Tuesday, 7 December 2010

Services, Value and the Human goods of Education

In my video yesterday I tried to apply my thinking about value to understanding what's happening with the servitised economy. My conclusions from this are:
  1. that 'intrinsic value' of a commodity is intransitive (i.e. is objective) and when the intrinsic value is distibuted amongst the people, there is a greater share of individual control and empowerment since this intrinsic value can be passed around individuals at their will.
  2. if a commodity with intrinsic value is servitised, its intrinsic value is taken away from the people and concentrated in the hands of a few. The value of a service is far more transitive than the intrinsic value of a commodity. The mechanisms of the value of a service are largely controlled by the controllers of the service, not by the people (although the people determine the demand for the service, but not by organised conscious action, but rather through collective unconscious behaviour). The controllers of the service will use the intrinsic value of the commodities they acquire to control the value of the services they provide. The people lose control and freedom.
But what about the value of knowledge? This I think is to do with human goods. The essence of personal liberty as a human good is the ability to make informed choices about how one acts in the world. The capacity to act well depends on flexibility in choosing appropriate action, and this is the result of knowledge. This too is a human good. What then is the value of this human good, and what is the value of the opportunity to develop it?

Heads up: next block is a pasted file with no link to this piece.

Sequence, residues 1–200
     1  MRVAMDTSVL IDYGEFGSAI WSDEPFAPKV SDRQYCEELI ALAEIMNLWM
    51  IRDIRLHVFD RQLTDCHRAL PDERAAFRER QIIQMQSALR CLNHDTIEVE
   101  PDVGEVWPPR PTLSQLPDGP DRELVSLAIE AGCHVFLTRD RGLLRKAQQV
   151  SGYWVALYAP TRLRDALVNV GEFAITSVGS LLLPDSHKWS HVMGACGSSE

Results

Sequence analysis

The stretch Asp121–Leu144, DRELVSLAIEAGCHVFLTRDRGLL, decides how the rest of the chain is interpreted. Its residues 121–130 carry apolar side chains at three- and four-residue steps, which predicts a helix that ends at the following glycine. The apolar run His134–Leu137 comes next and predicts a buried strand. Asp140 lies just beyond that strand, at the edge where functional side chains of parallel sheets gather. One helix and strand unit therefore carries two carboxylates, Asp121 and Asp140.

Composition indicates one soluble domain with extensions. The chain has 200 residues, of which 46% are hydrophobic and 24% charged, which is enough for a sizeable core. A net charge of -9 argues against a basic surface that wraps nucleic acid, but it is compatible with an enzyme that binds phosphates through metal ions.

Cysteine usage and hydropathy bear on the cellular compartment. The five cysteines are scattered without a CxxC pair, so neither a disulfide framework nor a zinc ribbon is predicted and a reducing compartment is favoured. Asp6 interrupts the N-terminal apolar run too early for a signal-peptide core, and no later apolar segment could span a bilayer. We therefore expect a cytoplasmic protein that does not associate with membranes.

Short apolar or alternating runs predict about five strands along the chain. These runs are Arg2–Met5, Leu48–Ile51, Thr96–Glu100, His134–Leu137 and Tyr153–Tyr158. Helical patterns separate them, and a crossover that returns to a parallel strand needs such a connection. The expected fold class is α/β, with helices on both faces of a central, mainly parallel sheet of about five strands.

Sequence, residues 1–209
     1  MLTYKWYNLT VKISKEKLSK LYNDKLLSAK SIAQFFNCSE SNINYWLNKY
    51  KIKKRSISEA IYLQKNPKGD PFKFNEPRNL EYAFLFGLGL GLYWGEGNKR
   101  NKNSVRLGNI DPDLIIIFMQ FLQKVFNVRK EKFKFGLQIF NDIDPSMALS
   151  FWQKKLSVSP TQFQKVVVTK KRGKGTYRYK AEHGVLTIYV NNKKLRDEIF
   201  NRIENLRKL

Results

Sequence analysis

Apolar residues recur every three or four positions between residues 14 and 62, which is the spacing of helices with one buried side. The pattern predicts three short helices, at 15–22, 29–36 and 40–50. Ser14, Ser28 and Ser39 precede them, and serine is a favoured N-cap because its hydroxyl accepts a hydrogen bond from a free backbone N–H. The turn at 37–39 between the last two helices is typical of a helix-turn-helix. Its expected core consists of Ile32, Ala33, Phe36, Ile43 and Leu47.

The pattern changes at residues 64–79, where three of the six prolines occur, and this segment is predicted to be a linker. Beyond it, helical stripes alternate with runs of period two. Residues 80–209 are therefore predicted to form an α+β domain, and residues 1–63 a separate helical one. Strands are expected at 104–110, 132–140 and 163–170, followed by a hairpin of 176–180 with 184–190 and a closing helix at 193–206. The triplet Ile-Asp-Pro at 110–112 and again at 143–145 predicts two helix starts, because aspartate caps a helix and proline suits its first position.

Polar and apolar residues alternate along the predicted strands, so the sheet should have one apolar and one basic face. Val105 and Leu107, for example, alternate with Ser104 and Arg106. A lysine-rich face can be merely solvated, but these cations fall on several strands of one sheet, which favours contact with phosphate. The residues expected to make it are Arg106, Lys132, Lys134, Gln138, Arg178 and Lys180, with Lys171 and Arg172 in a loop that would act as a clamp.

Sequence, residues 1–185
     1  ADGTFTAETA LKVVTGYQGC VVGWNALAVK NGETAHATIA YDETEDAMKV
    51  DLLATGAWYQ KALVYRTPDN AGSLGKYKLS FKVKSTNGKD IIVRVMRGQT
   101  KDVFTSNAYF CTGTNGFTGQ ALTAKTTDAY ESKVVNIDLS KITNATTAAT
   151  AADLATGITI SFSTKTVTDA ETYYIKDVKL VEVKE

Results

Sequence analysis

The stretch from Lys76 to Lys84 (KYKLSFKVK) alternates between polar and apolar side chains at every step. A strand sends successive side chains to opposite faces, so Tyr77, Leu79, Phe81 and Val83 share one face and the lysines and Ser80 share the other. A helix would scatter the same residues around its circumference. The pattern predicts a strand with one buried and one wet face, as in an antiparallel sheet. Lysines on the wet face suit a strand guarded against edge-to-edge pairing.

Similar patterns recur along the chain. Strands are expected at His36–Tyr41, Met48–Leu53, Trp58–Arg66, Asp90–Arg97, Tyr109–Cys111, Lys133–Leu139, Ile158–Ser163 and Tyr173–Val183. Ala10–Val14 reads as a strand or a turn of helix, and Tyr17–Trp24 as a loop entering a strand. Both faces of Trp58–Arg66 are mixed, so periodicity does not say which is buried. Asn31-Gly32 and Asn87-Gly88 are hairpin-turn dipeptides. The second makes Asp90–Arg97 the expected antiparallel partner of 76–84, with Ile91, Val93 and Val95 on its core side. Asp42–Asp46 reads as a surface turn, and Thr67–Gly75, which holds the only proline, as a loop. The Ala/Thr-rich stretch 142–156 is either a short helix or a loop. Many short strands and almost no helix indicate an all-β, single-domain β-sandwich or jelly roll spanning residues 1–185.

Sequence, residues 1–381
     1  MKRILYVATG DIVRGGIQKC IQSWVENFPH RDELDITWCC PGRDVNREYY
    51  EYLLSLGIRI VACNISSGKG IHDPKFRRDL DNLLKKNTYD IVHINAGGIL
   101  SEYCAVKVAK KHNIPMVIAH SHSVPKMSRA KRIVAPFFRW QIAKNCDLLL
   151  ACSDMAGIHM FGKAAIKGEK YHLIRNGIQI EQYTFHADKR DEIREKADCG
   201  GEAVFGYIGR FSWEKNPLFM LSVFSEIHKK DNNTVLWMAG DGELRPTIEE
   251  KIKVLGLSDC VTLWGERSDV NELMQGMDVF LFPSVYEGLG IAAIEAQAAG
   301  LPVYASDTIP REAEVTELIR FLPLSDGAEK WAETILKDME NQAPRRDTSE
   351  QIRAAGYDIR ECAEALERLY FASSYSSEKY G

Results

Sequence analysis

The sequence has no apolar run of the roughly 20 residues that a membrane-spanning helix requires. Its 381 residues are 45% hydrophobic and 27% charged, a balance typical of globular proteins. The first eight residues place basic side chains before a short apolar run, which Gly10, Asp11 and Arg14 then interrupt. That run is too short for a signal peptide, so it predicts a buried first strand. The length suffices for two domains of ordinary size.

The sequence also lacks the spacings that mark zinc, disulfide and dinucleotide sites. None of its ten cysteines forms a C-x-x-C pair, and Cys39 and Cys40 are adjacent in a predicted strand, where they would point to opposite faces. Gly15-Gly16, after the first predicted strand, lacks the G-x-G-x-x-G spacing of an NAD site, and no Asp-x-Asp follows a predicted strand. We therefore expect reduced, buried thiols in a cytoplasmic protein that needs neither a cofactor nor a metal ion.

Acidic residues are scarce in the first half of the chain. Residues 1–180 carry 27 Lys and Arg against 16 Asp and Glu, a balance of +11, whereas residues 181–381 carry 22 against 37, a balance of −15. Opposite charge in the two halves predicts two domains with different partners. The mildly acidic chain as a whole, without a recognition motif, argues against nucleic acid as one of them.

The human good of education is always a leap of faith: faith that the teaching you receive will meet your needs and transform your capabilities; faith that the degree you earn will improve your life chances; faith that people you meet will become friends and you'll have a good time; faith that the subject you study you will really enjoy in all its depth. There are, however, no guarantees about any of this. The link between the human good of education and faith is instructive: it may be that where the value of commodities and services, intrinsic or otherwise lies in reason, the value of human goods lies in faith.

This is important because it highlights the category error when we talk about the 'investment' and 'price' of education and the servitisation of knowledge. Servitisation of knowledge and education leads to an association with a financial transaction. Financial investments and price belong to the world of commodities and services (like banking) which can be rationalised, risks assessed, etc. Human goods, in being bound to faith, are a challenge for reason because the risks are so high and yet the desire, borne out of simply being human is nevertheless so great: it is a very irrational transaction.

To demand individuals make rational financial decisions about human goods is to trap them in a 'double-bind' of the kind which is more often found in religious cults.

The nature of the double-bind is this:
1. Education will set you free! (for a price...)
2. Financial impoverishment and submission to institutional assessment will enslave you (but education will set you free... and so on)
...and discussing your imprisonment by education is to admit failure

Institutions must address the learner's problem!


David K said...

Perfect. Thankyou :-)

Simon Grant said...

I'd say education is essentially polymorphic. Sure, the personal value of some education is bound to the values of the person undergoing it, but equally some education is indeed economically justifiable. Maybe the difficulty / tension in the present system is because these two aspects are inextricably intertwined. But it doesn't mean that one doesn't exist...